To rally well, it is absolutely necessary that kindness must run through all you say; and you must ever preserve the character of a friend to support your pretensions to be free with a man Acetus ought to be banished human society, be cause he raises his mirth upon giving pain to the person upon whom he is pleasant. Nothing but the malevolence which is too general toward those who excel could make his company toler ated; but they with whom he converses are sure to see some man sacrificed wherever he a admitted; and all the credit he has for wit, is owing to the gratification it gives to other meas ill-nature.

Minutius has a wit that conciliates a man s love, at the same time that it is exerted against his faults. He has an art of keeping the perso he rallies in countenance, by insinuating that he himself is guilty of the same imperfection This he does with so much address, that be seems rather to bewail himself, than fall upo his friend.

It is really monstrous to see how unaccountably it prevails among men to take the liberty of a* pleasing each other. One would think sometimes that the contention is who shall be most disag ble. Allusions to past follies, hints which revive what a man has a mind to forget forever, and de serves that all the rest of the world should, at commonly brought forth even in company of mea of distinction. They do not thrust with the skill

of fencers, but cut up with the barbarity of butchers. It is, methinks, below the character of men of humanity and good-manners to be capable of mirth while there is any of the company in pain and disorder. They who have the true taste of conversation, enjoy themselves in a communication of each other's excellencies, and not in a triumph over their imperfections. Fortius would have been reckoned a wit if there had never been a fool in the world; he wants not foils to be a beauty, but has that natural pleasure in observing perfection in others, that his own faults are overlooked, out of gratitude, by all his acquaintance.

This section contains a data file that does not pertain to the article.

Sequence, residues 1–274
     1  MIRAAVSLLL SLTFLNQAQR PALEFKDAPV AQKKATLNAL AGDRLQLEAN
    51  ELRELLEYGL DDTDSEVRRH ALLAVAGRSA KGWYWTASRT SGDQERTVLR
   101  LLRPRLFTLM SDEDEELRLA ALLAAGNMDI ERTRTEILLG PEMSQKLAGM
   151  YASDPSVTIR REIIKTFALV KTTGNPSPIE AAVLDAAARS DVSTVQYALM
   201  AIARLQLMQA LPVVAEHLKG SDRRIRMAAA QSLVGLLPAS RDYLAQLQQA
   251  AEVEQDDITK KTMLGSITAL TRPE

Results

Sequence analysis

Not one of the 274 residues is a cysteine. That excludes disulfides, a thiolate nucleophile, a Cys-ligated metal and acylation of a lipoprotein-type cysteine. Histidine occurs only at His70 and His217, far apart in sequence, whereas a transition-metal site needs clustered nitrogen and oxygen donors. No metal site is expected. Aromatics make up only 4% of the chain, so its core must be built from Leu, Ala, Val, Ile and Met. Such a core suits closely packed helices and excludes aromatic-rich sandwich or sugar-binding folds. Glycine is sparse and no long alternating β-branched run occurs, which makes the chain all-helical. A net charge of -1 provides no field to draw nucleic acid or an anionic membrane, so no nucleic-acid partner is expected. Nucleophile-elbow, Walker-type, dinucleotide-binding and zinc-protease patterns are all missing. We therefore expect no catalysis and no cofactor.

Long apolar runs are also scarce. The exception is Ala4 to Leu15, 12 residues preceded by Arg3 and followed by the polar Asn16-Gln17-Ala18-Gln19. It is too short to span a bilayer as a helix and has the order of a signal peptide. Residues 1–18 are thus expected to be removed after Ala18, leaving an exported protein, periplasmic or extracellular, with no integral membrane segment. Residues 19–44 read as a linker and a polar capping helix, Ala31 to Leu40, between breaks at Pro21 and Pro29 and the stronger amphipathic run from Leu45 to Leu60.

After these several characters of men who succeed or fail in raillery, it may not be amiss to reflect a little further what one takes to be the most agreeable kind of it; and that to me appears when the satire is directed against vice, with an air of contempt of the fault, but no ill-will to the criminal. Mr. Congreve's Doris is a masterpiece in this kind. It is the character of a woman utterly abandoned; but her impudence, by the finest piece of raillery, is made only generosity:

Peculiar therefore is her way, Whether by nature taught I shall not undertake to say, Or by experience bought;

But who o'ernight obtain'd her grace

She can next day disown, And stare upon the strange man's face, As one she ne'er had known.

So well she can the truth disguise,
Such artful wonder frame,
The lover or distrusts his eyes,

Or thinks 'twas all a dream.

Some censure this as lewd or low,
Who are to bounty blind;
For to forget what we bestow
Bespeaks a noble mind.

No. 423.] SATURDAY, JULY 5, 1712.
-Nuper idoneus.-HOR. 3 Od. xxvi. 1.
Once fit myself.

the fair, and am always watchful to observe any; I LOOK upon myself as a kind of guardian to thing which concerns their interest. The present paper shall be employed in the service of a very fine young woman; and the admonitions I give her may not be unuseful to the rest of the sex. Gloriana shall be the name of the heroine in today's entertainment; and when I have told you that she is rich, witty, young, and beautiful, you will believe she does not want admirers. She has had since she came to town about twenty-five of those lovers who make their addresses by way of jointure and settlement: these come and go with great indifference on both sides; and as beauteous as she is, a line in a deed has had ex